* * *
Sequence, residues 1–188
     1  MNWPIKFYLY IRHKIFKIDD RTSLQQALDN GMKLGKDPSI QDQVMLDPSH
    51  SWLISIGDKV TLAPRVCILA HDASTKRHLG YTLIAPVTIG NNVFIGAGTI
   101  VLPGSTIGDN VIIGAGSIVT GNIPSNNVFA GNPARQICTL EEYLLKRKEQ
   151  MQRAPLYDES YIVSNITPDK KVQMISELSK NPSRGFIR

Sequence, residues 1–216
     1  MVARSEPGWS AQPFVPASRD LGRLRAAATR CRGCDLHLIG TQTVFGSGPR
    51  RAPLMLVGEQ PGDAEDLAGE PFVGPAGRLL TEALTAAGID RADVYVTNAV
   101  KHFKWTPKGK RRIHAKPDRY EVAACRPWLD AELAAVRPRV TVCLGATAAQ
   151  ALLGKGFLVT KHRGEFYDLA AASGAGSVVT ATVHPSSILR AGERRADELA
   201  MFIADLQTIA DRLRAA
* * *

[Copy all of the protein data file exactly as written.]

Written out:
Sequence, residues 1–188
     1  MNWPIKFYLY IRHKIFKIDD RTSLQQALDN GMKLGKDPSI QDQVMLDPSH
    51  SWLISIGDKV TLAPRVCILA HDASTKRHLG YTLIAPVTIG NNVFIGAGTI
   101  VLPGSTIGDN VIIGAGSIVT GNIPSNNVFA GNPARQICTL EEYLLKRKEQ
   151  MQRAPLYDES YIVSNITPDK KVQMISELSK NPSRGFIR

Sequence, residues 1–216
     1  MVARSEPGWS AQPFVPASRD LGRLRAAATR CRGCDLHLIG TQTVFGSGPR
    51  RAPLMLVGEQ PGDAEDLAGE PFVGPAGRLL TEALTAAGID RADVYVTNAV
   101  KHFKWTPKGK RRIHAKPDRY EVAACRPWLD AELAAVRPRV TVCLGATAAQ
   151  ALLGKGFLVT KHRGEFYDLA AASGAGSVVT ATVHPSSILR AGERRADELA
   201  MFIADLQTIA DRLRAA